A Revolutionary War Florida Rarity.
Fine wide margined example of Sayer & Bennett's chart of Amelia Harbor and Bar, based upon a survey conducted under the direction of Jacob Blamey in January 1775.
The map is oriented with west at the top.
On Amelia Island, the Countess Dowager of Egmont's Plantation is shown, along with Mount Misery, Morriss Bluff, "Negro Hutts and Indigo Works," and a beacon. The Ruins of Fort William, built by General Oglethorpe are shown on Cumberland Island. Woodland's Plantation, Bells Plantation and Ralphs Plantation are shown in East Florida at the top of the map, while Messr Wright's Plantation is shown in Georgia at the top right.
The chart includes an extensive set of directions, soundings, and a reference key identifying 10 locations.
The map was included in Sayer & Bennett's The North-American Pilot, Part the Second. The source volume is scarce in itself. We are aware of three copies of the map on the market in the last 35 years.
Robert Sayer (ca. 1724-1794) was a prominent London map publisher. Robert’s father was a lawyer, but his older brother married Mary Overton, the widow of prominent mapmaker Philip Overton and the proprietor of his shop after his death. Mary continued the business for roughly a year after her marriage and then, in early 1748, it passed to Robert. Robert became a freeman of the Stationers’ Company later that year; his first advertisement as an independent publisher was released in December.
Sayer benefited from Overton’s considerable stock, which included the plates of John Senex. In the 1750s, Sayer specialized in design books and topographical prints, as well as comic mezzotints. In 1753, he, along with John Roque, published a new edition of Thomas Read’s Small British Atlas, the first of several county atlases that Sayer would publish.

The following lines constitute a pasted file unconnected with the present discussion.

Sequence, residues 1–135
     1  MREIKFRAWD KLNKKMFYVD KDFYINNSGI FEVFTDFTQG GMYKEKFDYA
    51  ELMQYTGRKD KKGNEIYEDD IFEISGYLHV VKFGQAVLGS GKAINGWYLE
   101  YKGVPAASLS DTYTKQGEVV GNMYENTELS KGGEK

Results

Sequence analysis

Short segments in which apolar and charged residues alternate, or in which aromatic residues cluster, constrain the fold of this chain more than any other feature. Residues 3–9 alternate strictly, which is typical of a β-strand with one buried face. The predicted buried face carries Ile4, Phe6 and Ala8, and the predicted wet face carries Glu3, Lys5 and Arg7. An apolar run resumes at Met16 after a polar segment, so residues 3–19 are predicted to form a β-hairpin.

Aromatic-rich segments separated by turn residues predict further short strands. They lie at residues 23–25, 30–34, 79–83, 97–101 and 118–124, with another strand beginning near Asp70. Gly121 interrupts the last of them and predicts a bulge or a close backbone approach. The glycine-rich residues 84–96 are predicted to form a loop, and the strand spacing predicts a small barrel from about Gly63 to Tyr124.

Sayer’s business continued to grow. In 1760 he moved further down Fleet Street to larger premises at 53 Fleet Street. In 1766, he acquired Thomas Jefferys’ stock when the latter went bankrupt. In 1774, he entered into a partnership with John Bennett, his former apprentice. The pair specialized in American atlases, based on the work of Jefferys. They also began publishing navigational charts in the 1780s and quickly became the largest supplier of British charts in the trade.
Bennett’s mental health declined, and the partnership ended in 1784. As Sayer aged, he relied on his employees Robert Laurie and James Whittle, who eventually succeeded him. He spent more and more time at his house in Richmond. In 1794, he died in Bath.
John Bennett (fl. 1760-d. 1787) was a London printer best known for his role in the successful partnership of Sayer & Bennett. In 1760, Bennett became a servant of Robert Sayer (ca. 1724-1794), the prominent print and map seller, and was apprenticed to him in 1765. In 1774, Bennett became a free journeyman and entered into a partnership with Sayer. They issued joint advertisements and publications. In 1777, Bennett owned 1/3 share in the business. The partnership was likely to continue fruitfully, but in 1781 Bennett began to show signs of mental illness. In 1783, he was admitted to an asylum for nine months and, in 1784, Sayer filed papers to dissolve their business partnership. Bennett died in 1787.